After several significant delays, the entertainment industry and most of the nation's largest ISPs are set to launch their "six strikes" graduated response anti-piracy efforts starting today. Sources familiar with the plan timetable have told both Daily Dot and Torrent Freak that six strikes starts today, and a new Center for Copyright Information website run by the entertainment industry appears to have been freshly launched for the occasion (see new video, below).
Different ISPs are expected to launch their slightly different versions of the six strikes plan throughout the week, with anonymous sources saying that Comcast will be the first -- launching today.
Problems with the program have been well outlined by groups like the EFF, including the assumption of guilt before innocence, the reliance on often-unreliable IP evidence, and the need for the accused to pay a $35 fee to protest their innocence.
Several sources I've spoken to in the industry aren't thrilled about the negative press they're going to be getting for these plans, privately acknowledging they doubt piracy will be curbed significantly. Carriers fought against severing Internet connections as punishment -- something originally proposed by the entertainment industry. I've confirmed nobody is tracking "strikes" if a use moves between ISPs. And, barring lawsuits the industry claims won't happen, there's also no "end game" to the six strike plan; after being repeatedly warned users stop getting notifications or receiving punishment.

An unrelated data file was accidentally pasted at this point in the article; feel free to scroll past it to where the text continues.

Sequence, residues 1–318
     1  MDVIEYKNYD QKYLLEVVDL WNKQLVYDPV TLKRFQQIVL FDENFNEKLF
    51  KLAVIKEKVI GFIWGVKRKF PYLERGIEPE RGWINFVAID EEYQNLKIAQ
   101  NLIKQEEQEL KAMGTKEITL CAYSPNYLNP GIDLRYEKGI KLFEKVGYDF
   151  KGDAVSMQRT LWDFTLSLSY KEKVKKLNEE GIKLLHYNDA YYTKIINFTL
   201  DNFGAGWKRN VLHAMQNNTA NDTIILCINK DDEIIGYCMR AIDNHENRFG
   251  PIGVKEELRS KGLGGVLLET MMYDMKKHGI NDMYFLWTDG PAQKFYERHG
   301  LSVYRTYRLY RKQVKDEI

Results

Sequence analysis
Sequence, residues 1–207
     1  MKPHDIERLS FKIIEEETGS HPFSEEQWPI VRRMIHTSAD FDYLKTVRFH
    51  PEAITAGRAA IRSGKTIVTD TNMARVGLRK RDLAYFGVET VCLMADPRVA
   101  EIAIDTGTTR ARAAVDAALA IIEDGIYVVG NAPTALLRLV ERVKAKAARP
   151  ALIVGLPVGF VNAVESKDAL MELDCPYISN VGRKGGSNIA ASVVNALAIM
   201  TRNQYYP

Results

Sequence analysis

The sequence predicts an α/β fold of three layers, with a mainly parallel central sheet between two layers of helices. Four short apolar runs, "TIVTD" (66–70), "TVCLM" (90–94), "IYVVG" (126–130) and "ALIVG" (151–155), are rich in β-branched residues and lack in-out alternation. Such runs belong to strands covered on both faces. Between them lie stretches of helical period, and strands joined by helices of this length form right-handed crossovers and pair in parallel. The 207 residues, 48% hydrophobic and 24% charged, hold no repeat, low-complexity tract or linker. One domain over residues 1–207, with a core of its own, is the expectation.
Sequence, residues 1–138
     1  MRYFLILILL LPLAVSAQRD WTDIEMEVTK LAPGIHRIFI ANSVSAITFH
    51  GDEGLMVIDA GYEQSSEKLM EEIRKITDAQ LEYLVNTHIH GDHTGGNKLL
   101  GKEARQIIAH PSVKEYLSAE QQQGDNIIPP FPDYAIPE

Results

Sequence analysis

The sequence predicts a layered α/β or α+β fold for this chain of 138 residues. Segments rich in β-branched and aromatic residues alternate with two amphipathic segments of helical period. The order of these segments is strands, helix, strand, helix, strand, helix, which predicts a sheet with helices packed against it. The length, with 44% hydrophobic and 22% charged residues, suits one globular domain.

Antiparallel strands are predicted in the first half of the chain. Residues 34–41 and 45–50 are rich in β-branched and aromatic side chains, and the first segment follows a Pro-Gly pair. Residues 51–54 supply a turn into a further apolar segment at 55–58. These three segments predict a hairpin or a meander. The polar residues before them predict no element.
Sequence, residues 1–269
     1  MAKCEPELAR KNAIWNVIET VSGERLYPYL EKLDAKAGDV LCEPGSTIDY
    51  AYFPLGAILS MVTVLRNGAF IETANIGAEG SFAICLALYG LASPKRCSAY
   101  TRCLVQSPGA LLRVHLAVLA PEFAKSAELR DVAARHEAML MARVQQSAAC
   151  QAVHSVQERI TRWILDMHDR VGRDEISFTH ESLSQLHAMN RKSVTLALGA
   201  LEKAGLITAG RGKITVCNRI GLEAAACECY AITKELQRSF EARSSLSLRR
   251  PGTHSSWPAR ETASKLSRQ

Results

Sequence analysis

As such, the effort seems designed to focus primarily on scaring kids into ceasing file trading after mom and dad receive scary letters or browser pop-up notifications. Most pirates will be flocking to BitTorrent VPN and proxy services, who'll surely be loving the massive new business opportunity as six strikes gets off the ground and users flee the prying eyes of their ISP. The question remains: now that six strikes is launching, will the plan slowly expand to include additional bad ideas, such as service disconnections and lawsuits using collected data?